Sunday, October 5, 2014

How New is NEW Math?

New Math.  Parents hate it.  They don't get it.  It's not the way they were taught and they can't understand why learning so many strategies and taking more steps to solve 52-18 actually helps their child.

The Common Core standards are too difficult, not age appropriate, and focus on unrealistic math strategies.  I've heard it all and have had my blog and Facebook fan page targeted and spammed by people who oppose Common Core.

A couple of weeks ago, someone sent me this message on my Facebook Fan page. "NO COMMON CORE!!!!!!!!!!"  If I sat down and counted all of the times this happened, it would take me quite some time.  Most of the time I ignore it, delete it, and forget about it.  This time was different.  I sat down and wrote a thoughtful response with the goal of trying to hear what exactly this individual thought was so bad about it.  

"I have done a lot of reading on common core..I have also listened to teachers and other educators speak on the subject...it is NOT for our children...do not be deceived by this junk that is being dangled in front of our schools by the government by the race to the top..it is all about who will sign up for common core first so they can get the money allotted by the federal gov.....it is only one more way the Federal gov...is trying to own us..thank you for responding and thank you for asking..it actually was the idea of people across the waters..that is the root of it all.."

This was a perfect time for me to educate this individual.  After a handful respectful comments back and forth to each other this was her final post to me:

"Ya know you really sound like someone who wants what is best for the children and that is all I want...I am not aware as you are of the actual everyday or long-term problems or even of possibly some better things from it...I hope in the long term it can somehow lead to something better for any and all involved.  I am glad there are educators in our system like yourself. Just these messages we have shared makes me to know you care. That is one thing that this world is lacking,many just want the dollar they work for and are willing to just blindly walk on in whatever is put before them. As a teacher(you), it is so good to know you are making the best of a situation you may not entirely agree with but are willing to drain all of the good out of it for the children. I pray everyday and will include you in My prayers that God will guide you and help you in all aspects of your life....I really appreciate you for actually taking the time to say.." Hey You Share With Me Why Say That!!!"..haha..My impression of you is "awesome"...if you ever need to bend an ear about anything..I am here for you.."

WOW!

I actually could't believe it.  Maybe me taking a few minutes to interact with this person helped change one individual's perspective.  If we were to all take a minute to educate just one person on what Common Core actually is, and let them know that educators aren't set out with the goal to confuse their kids, would those against Common Core really still despise it?

In my conversation with this individual, I sent her some pictures that I really think helped her see that this "new math" isn't really all that new.

I just moved into a new house with my husband.  My mom unloaded and endless amount of boxes on me that she had been storing for years.  I sat in my office looking through my old papers.  I'm not kidding when I say she must have saved EVERY. SINGLE. THING I brought home.  Looking through my 3rd grade folder was what I was most excited for since I have taught 3rd grade for 5 years.  Look what I found!  My 3rd Grade math student journal.  I immediately ruffled through my stuff and took out the one I used to teach my students last year.  I was in 3rd Grade in 1993.  Surely, there should be vast differences in the curriculum because of the Common Core Standards, right?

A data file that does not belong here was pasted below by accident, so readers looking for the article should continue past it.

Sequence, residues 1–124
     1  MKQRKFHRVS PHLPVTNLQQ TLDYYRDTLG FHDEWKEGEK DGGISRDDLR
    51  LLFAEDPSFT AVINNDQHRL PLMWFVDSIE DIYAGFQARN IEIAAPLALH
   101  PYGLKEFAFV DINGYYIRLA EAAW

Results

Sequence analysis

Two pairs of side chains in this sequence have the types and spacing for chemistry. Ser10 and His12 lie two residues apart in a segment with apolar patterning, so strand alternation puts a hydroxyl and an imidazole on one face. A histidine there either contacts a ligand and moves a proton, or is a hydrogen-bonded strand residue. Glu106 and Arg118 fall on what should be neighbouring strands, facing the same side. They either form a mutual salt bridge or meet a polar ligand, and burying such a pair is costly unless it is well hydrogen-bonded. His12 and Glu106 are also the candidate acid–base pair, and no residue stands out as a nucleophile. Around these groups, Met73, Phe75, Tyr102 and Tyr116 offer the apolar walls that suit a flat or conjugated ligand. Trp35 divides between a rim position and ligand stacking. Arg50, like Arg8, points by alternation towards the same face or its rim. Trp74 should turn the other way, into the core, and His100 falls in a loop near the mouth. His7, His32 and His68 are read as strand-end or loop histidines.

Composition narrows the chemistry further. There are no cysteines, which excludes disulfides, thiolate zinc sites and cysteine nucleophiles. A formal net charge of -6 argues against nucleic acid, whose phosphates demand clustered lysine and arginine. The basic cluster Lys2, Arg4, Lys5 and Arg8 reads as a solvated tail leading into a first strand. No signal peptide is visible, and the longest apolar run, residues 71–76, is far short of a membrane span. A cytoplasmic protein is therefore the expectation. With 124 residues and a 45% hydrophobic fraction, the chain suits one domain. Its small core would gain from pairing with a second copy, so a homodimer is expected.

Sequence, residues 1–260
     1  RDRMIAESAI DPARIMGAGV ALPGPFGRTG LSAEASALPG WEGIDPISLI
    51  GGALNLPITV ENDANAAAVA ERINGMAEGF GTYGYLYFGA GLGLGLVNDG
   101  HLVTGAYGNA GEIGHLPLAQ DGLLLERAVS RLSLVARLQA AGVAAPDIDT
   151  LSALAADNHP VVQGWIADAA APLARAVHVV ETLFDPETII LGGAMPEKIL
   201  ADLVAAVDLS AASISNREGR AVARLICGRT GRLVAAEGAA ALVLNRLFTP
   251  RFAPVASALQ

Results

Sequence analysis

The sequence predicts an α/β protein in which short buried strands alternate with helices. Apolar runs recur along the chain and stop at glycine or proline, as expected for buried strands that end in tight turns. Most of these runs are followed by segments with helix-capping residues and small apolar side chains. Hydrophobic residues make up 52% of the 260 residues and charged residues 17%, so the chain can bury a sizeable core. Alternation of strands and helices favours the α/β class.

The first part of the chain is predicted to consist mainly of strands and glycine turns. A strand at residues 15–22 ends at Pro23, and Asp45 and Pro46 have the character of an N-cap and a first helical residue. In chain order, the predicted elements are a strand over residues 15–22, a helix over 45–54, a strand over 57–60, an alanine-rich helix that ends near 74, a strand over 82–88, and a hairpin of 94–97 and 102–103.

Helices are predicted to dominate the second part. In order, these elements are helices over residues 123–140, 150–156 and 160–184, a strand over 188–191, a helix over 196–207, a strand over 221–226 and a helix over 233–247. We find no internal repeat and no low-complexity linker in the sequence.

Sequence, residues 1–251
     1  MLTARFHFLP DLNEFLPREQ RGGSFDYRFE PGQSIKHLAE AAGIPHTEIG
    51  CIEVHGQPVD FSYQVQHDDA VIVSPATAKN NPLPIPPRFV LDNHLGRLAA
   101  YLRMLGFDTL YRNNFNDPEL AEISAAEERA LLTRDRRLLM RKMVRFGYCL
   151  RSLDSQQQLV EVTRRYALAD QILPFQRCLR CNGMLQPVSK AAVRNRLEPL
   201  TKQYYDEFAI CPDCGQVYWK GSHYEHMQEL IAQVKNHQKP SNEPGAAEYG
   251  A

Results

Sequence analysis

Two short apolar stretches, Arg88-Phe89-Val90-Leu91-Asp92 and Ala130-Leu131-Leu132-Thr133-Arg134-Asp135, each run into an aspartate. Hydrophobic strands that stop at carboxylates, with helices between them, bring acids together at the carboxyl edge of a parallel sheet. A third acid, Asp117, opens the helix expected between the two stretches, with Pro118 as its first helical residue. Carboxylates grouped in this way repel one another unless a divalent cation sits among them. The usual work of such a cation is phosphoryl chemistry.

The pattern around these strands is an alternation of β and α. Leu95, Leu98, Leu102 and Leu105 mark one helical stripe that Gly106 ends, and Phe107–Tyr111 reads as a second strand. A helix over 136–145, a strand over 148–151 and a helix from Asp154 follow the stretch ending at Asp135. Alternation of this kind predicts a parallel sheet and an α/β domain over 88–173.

As I flipped through the pages I found that many of the pages remained similar - if not identical. 

This is the same probability lesson I teach every year.  I totally forgot doing this in third grade.  In my classroom, I have students color in the blocks on their page to help them visualize what the questions are asking.  We also underline key words such as "sure," "more likely," and "3 times as often."


Scoring 10 Basketball Points.  First, let's ignore the fact that I thought my page when I was 9 was very "ok."  Please excuse the unnecessary amounts of praise I gave myself in my book.  :)

I will be the first to admit, this is really difficult for students.  This is another page I didn't remember doing back in the day, so I was surprised to find something I found difficult to teach was something identical to what I learned.  Parentheses confuse students at first, but they tend to pick it up quickly.  This math page forces the students to dig deeper into parentheses and find multiple ways a basketball team could score to get 10 points.  I always introduce parentheses by putting my hands on either side of my mouth (to look like parentheses) and I whisper to my students "do this first."  Now, whenever they see the parentheses, they picture me with the "parentheses" around my  mouth telling them to solve that part of the problem before they do the rest. 


These are two identical (except for the illustrations of the animals) pages that help students learn to estimate weights of animals.  For example, one question on their student page could be, "Which animal(s) weighs about 3 times as much as an Atlantic Green Turtle."  Students use mental math to find an animal that has a weight similar to their calculation.  

Ok, now here comes the doozie.  During Curriculum Night, for the past 6 years I actually tell the parents that the math curriculum teaches multiple ways to do multiplication.  I also tell the parents to not worry,  just because it's taught doesn't mean it's the only strategy I'm going to force the students to use.  I also let them know that I did the same exact "crazy math" when I was in elementary school and I think I turned out just fine.   My old page is on the left.  I was apparently so confident that I decided solving these problems in pen was a good choice.  Yes folks....1993.  It hasn't changed a bit.  So is "New Math" really all that new?  



Nope!  If you look at the bottom of my old math journal (I don't know why they would take this portion out of the new book...it's very helpful) "New Math" really isn't new math.  It's actually REALLY REALLY OLD MATH.  :)  Moreover, this illustrates nicely that the Common Core standards didn't create these methods, since they were obviously being taught in the United States decades ago.  If you're not fond with a particular math strategy, that's perfectly fine, but don't blame the Common Core.